How California's "Most Challenged High Schools" Are Sending More Kids to College

September 16, 2005 (PRLEAP.COM) Education News
WestEd Book Provides Answers for Struggling High Schools

What are some of California's "most challenged high schools" doing to send more of their students to college? A new WestEd book, "Inside High School Reform: Making the Changes That Matter," details the turnaround approaches that are preparing more students for college - disadvantaged students who wouldn't get there otherwise.

Author Jordan Horowitz, Senior Project Director at WestEd, and his research team followed 28 high schools, once labeled as California's lowest-performing, to uncover the formulas teachers used to rescue their students - and themselves - from expected failure.

"These schools faced tremendous challenges, and as a result were at the bottom of the heap and full of kids who were steered toward low-level classes because no one believed in them," says Horowitz. "All that has changed, thanks to teams of dedicated teachers and partners able to provide necessary resources."

Chock full of concrete examples, transferable techniques, and insider advice that only experience brings, Inside High School Reform offers real-life solutions to the common problems plaguing high schools across the country.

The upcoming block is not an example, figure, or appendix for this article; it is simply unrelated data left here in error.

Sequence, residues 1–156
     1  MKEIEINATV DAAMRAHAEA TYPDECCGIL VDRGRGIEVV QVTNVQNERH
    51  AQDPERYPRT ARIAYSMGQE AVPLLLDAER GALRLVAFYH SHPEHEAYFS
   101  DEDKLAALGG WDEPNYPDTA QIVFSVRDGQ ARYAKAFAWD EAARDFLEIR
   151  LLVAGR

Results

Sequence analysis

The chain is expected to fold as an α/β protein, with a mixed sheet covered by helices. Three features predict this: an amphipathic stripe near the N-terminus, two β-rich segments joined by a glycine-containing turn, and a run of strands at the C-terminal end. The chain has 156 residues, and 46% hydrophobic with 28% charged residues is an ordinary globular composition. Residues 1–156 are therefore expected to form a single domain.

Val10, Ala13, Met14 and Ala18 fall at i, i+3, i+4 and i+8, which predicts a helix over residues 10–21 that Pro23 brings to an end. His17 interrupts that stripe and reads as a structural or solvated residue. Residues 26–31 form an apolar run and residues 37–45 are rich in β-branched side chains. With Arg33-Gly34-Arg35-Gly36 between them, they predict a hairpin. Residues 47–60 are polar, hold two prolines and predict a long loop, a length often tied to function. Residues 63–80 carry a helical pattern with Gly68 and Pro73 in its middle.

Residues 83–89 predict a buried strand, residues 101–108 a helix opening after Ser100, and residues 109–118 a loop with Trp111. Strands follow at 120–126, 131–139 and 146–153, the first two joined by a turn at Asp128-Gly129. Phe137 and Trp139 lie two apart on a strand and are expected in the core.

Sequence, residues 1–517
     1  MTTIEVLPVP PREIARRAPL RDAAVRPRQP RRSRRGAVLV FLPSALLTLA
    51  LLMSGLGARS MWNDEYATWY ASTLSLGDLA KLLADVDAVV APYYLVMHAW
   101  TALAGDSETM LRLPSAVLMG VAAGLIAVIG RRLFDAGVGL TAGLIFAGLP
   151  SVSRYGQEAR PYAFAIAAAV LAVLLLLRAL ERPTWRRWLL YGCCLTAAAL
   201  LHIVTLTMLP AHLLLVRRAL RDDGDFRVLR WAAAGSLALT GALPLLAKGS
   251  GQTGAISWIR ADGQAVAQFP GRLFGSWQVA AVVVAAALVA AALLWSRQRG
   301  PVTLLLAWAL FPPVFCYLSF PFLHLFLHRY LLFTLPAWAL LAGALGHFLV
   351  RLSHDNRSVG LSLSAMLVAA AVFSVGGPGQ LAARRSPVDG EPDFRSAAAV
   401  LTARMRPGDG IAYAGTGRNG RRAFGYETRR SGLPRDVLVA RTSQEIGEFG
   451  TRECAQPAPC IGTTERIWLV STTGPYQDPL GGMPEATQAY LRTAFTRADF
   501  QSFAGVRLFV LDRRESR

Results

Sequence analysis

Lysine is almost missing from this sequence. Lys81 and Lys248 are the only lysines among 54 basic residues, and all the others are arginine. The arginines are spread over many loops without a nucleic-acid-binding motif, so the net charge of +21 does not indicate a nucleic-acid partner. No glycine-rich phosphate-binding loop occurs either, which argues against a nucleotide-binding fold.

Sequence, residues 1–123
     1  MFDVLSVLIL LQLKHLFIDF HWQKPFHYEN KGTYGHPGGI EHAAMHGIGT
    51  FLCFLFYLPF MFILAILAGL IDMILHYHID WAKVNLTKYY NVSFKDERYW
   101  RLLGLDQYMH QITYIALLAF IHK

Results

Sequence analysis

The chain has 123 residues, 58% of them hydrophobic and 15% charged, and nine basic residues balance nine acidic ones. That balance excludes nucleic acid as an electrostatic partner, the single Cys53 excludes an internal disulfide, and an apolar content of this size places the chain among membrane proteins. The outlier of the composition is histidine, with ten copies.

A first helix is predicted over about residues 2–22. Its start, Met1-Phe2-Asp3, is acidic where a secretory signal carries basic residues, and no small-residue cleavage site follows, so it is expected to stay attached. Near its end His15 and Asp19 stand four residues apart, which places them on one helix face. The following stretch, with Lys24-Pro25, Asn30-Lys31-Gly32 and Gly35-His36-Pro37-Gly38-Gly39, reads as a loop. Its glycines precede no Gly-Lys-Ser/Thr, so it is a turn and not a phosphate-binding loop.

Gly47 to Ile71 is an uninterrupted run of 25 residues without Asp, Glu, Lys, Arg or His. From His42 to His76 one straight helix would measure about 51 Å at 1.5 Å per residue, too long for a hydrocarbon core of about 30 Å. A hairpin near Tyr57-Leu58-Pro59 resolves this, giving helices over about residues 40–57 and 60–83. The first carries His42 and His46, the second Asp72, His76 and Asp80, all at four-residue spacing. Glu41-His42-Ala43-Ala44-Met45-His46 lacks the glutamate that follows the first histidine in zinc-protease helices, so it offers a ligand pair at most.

The book shows educators how to:

* Use creative budgeting and tap non-school community sources to fund reforms and improvements
* Create a school climate of optimism and success for students and teachers
* Overcome the "not-my-problem" syndrome and toss out the status quo
* Foster cross-grade collaboration and end teacher isolation
* Align standards and curriculum based on capturing the correct data
* offer meaningful teacher professional development that results in measurable success
* Devise tutoring centers and grade recovery programs that work
* Partner with feeder middle schools, businesses, and colleges for long-term success
* Establish a college-going culture across middle and high school campuses.

These approaches were developed by schools working with the California Academic Partnership Program (CAPP), funded by the California State Legislature. David Jolly, CAPP Statewide Director, states, "With this book, we are able to share the strategies and activities teachers and administrators use to improve their schools and their students' academic success."


1. Treat teachers as the trained education professionals they are.
2. Hold students to high expectations.
3. Continually use school, teacher, and student data to decide what changes to make next.
4. Start with what you want students to know and achieve, then work backwards to create tests and lesson plans.
5. Coordinate lesson plans and tests within departments and across grades and schools.
6. Don't take the "easy way out" when deciding how to help underachieving kids.
7. Create an optimistic, college-going culture and help students understand how high school work affects their future college and career choices.
8. Develop flexible school systems to maintain reforms that work.
9. Find partners such as local colleges, businesses, other schools, and parent groups to provide help.
10. Stay alert for new partners, activities, and funding streams while maintaining a focus on reform.

ISBN: 0-914409-22-0 / August 2005 / $15.95 / trade paper / 7 x 9 / 88 pages
Order information: 888.293.7833 or